In the run up to my Mountain Leader assessment I remember racking my brains trying to figure out what would be the best way to prepare for it. At the time I was living in deepest darkest west Cornwall, I didn’t have much money and even though I was a student I didn’t have that much free time either. Over the previous few years I’d already logged more than enough QMD’s so it was just the assessment prep bit that I needed a plan for.
Instead of coming up with a plan I went for the much tried and tested technique of procrastinating, which worked well for a while. When I did finally knuckle down one obvious fact stood out – I wasn’t going to get as much time in the mountains as I’d like to. Once I’d accepted this fact I started to think about what my options were, but then I got bored and went for a run instead. Whilst out running I got thinking and the small 1 watt bulb, that is my brain, light up – you don’t have to be in the mountains to prepare for being in the mountains. With this new outlook I started to view things differently and before I knew it I had lots of work-rounds for fine tuning my skills and practicing various parts of the syllabus.
I thought I’d share some of these ideas with you and some other ideas that I’ve come up with since. Some of these may well seem obvious, others less so, but if this article only helps one person prepare a bit better then I won’t feel that my time spent writing this will have been wasted.
Yep you read that right. I’m not gonna lie without the mountains your going to struggle to practice various parts of the security on steep ground skills in context, however you can dial in the nuts and bolts of the individual techniques. By that I mean you can practice certain rope-work skills whilst at home: practice your knots with a pair of gloves, abseil down the stairs and body belay a friend/partner/dog/teddy up and down the stairs. To be honest the possibilities are endless. Trust me when I say in the run up to various assessments (ML/WML/IML/MIA/MIC) I know lots of friends who have spent many an hour dialing in their rope-work skills on the stairs, traversing the front room and abseiling of various bits of furniture! If your lucky enough to have some craggy ground near where you live then use that instead of the stairs, if your not sure if you do then have a look on google earth or a map.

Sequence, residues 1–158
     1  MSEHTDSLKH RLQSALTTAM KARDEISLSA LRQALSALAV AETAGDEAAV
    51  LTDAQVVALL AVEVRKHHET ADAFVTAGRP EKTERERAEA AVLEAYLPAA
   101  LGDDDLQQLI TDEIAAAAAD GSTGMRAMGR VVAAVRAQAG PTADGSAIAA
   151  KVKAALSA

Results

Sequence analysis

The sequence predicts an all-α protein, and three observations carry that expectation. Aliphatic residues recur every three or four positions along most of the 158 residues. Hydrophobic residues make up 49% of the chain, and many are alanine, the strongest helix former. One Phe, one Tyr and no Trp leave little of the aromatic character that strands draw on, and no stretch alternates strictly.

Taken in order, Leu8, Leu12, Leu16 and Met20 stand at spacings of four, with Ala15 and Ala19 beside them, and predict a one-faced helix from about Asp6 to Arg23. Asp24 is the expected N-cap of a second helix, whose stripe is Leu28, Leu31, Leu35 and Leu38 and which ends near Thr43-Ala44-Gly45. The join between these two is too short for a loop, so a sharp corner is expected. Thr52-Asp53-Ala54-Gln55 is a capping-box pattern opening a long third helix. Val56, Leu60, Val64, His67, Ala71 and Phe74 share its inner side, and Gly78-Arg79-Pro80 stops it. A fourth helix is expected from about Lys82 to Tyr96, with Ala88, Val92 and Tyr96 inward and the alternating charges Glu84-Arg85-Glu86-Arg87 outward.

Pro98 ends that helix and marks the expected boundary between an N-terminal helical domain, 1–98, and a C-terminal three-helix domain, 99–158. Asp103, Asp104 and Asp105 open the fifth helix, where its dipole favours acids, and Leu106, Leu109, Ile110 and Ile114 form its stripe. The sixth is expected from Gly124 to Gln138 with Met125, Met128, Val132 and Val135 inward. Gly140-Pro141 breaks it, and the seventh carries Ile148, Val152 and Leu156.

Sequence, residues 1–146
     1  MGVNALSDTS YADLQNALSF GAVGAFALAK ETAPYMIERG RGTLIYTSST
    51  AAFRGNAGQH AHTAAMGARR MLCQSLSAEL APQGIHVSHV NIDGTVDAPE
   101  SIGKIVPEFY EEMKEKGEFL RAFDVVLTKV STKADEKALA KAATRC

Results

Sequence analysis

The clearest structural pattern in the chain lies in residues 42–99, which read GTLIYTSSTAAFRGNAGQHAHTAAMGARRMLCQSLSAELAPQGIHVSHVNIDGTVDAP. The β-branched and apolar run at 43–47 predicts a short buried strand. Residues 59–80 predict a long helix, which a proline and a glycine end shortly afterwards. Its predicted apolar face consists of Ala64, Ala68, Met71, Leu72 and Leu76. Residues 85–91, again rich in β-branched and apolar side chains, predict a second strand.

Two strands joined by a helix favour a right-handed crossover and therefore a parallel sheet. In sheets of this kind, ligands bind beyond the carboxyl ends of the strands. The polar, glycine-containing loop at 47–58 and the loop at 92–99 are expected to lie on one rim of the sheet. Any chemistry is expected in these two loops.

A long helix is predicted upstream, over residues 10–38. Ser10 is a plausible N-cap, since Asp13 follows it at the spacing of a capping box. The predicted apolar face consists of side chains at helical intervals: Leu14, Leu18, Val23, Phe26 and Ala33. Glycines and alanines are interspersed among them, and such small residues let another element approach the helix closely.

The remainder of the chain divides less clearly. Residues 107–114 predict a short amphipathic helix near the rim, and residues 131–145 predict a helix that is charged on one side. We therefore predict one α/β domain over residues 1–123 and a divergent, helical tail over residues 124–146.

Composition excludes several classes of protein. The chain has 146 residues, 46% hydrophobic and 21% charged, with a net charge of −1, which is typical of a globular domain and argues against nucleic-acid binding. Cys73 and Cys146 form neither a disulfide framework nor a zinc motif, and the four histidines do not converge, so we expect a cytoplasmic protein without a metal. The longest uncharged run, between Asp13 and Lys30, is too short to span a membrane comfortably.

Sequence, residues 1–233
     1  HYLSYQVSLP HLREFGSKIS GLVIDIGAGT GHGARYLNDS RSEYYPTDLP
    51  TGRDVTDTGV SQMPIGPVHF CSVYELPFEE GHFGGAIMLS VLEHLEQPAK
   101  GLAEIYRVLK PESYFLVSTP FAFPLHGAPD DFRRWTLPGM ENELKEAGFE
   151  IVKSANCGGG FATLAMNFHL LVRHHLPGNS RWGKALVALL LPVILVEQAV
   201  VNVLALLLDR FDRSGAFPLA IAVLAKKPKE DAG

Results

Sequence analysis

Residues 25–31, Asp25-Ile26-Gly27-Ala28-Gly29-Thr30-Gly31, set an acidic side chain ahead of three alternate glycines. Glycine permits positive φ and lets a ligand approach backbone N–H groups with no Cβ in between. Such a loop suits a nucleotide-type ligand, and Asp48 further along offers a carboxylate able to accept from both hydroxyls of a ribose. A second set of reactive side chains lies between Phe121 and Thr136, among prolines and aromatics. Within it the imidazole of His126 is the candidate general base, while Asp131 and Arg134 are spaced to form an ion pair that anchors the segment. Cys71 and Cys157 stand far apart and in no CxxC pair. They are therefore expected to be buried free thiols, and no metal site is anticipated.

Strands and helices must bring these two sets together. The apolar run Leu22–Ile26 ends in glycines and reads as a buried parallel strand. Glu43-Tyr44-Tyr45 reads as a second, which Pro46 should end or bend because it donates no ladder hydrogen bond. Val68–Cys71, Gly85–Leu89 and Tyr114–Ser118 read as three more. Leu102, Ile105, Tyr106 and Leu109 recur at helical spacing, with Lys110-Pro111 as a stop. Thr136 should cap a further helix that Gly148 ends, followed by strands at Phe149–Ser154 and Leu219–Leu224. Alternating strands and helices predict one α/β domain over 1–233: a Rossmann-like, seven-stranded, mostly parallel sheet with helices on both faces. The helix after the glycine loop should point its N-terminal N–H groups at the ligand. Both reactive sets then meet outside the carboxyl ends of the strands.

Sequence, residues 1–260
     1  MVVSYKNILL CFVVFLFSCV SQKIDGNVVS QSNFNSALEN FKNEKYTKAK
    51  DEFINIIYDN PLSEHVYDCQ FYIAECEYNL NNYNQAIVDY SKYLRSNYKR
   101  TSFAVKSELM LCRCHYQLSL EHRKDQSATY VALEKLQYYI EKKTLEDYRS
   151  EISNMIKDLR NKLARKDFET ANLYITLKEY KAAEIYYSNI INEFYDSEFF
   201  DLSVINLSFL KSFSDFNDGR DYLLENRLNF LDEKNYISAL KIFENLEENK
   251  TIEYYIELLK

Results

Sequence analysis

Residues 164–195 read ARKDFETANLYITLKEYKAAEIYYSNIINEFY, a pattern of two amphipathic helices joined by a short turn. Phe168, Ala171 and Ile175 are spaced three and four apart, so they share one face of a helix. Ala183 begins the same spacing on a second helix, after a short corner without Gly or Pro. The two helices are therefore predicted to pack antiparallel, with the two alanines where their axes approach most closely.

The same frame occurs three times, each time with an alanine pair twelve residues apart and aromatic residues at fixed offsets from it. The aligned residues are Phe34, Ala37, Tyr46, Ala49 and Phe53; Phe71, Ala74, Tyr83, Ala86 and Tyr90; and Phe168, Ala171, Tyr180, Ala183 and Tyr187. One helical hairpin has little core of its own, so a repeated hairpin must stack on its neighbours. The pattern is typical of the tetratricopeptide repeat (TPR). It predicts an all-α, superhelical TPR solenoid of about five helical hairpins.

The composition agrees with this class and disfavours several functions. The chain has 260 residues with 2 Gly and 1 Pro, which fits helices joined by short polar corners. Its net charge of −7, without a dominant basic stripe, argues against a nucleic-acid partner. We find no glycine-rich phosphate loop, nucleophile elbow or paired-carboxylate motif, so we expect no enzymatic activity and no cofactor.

If you work five days a week and are going struggle to get to the mountains for a whole weekend then use your time wisely and do some navigation practice, including night nav, in the evenings or on one day at the weekend. Most people live only a short drive from somewhere that is suitable for practicing various navigation techniques. Consider joining a local orienteering club, you won’t regret it, your nav skills will sky rocket! The beauty of orienteering is that instead of doing one or maybe two navigation legs in an hour you’ll get to practice 6,7,8,9 or 10 or more in quick succession. Check out the British Orienteering website to find out more about local clubs, courses and events near you.
We all know that hill fitness is different to running fitness but if you can’t get to the mountains then some regular cardio in the form of running or cycling definitely won’t do you any harm. If you’ve only got one day free and the drive to the mountains is to long then how about going for a big local walk with a heavy rucksack instead. It’ll help you with your mountain fitness and along the way you can practice other syllabus areas e.g. navigation and environmental knowledge.